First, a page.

That said, I began my search again for a method of making digital goopy sounds.
I managed to get a decent result with Sytrus + some pitch vibrato, chorus, and flanger effects mixed together. Here's the initial sytrus sound, followed by the result after filters. (I edit Sytrus while the filters are on.)
Before filter: https://clyp.it/b3mdkj0n
After filter: https://clyp.it/a2vzsbb4
One of the benefits of this method is that Sytrus nor the filters have their timing syched, which means that all the little worble noises that make up the sound will be slightly different each time. As a result, you can record a series of notes at different times, and pitches, and get variations easily. An hour or two will get you around 28 sounds.
This was already a decent result, however you can also change the pitch and speed of a sound, and then "compose" with it.
This is the same sound as above, but "arranged".
Basically, you can take one sound, or even multiple sounds, and compose them like you would a song. Especially by combining multiple sounds, you can come up with entirely different results.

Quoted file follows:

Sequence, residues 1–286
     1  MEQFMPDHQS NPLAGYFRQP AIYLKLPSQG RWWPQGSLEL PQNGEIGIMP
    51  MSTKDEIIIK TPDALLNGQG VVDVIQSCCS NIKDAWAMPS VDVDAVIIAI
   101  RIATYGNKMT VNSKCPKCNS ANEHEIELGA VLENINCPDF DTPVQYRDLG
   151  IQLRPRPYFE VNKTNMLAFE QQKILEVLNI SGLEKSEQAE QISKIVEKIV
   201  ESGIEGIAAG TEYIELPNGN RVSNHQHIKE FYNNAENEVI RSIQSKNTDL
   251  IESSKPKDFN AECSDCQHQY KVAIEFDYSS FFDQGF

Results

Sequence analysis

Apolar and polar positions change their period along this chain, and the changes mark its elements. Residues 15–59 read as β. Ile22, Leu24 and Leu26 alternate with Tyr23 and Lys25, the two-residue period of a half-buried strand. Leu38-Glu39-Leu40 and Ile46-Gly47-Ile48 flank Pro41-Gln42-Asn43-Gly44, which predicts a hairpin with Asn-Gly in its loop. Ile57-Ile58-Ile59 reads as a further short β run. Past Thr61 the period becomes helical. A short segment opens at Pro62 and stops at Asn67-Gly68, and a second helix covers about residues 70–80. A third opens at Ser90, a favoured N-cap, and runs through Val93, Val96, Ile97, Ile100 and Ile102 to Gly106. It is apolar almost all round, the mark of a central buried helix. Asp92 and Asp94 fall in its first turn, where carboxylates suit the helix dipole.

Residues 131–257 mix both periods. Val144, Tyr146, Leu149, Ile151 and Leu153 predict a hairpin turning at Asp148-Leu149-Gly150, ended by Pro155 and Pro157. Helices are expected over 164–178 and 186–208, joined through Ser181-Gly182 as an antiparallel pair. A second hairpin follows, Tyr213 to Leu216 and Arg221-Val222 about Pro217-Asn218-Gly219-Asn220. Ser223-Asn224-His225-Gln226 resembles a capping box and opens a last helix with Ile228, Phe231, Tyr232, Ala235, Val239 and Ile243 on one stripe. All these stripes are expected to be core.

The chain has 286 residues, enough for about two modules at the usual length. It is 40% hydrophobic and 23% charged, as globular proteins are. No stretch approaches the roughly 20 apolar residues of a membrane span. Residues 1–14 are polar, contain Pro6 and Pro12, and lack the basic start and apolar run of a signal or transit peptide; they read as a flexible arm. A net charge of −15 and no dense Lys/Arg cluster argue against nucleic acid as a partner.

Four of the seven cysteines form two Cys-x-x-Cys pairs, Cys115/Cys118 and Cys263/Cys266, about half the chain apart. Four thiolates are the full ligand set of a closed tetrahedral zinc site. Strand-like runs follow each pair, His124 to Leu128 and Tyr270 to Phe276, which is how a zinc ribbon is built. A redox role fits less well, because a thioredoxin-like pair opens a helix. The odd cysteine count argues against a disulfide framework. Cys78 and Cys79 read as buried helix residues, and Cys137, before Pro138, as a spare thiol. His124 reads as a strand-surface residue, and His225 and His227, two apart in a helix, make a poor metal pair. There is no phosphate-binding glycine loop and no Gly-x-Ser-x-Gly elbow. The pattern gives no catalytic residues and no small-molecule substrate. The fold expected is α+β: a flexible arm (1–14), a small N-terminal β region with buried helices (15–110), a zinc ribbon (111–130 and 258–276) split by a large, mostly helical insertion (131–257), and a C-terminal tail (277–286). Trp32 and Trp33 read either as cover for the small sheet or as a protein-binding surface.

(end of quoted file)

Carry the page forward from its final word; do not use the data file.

This is actually pretty handy for all kinds of sound effects, by the way, and it's part of how I make sound effects. To give a quick example, here's FL Studio's default snare drum "composed" to sound like a gunshot or something.
Lastly, the other benefit of this method is that I can actually use it with the recorded sounds to make them sound a little more digital.
Original recorded sound: https://clyp.it/0kraw0hh
Same sound with changed pitch and arranged: https://clyp.it/njmna1us
Of course, now the only problem is that sort of have too many options. Too many is better than none, of course. That said, I do get suck of staring at waveforms for hours on end, though, so I'm looking forward to finally settling on a set of sounds and being done with the revision.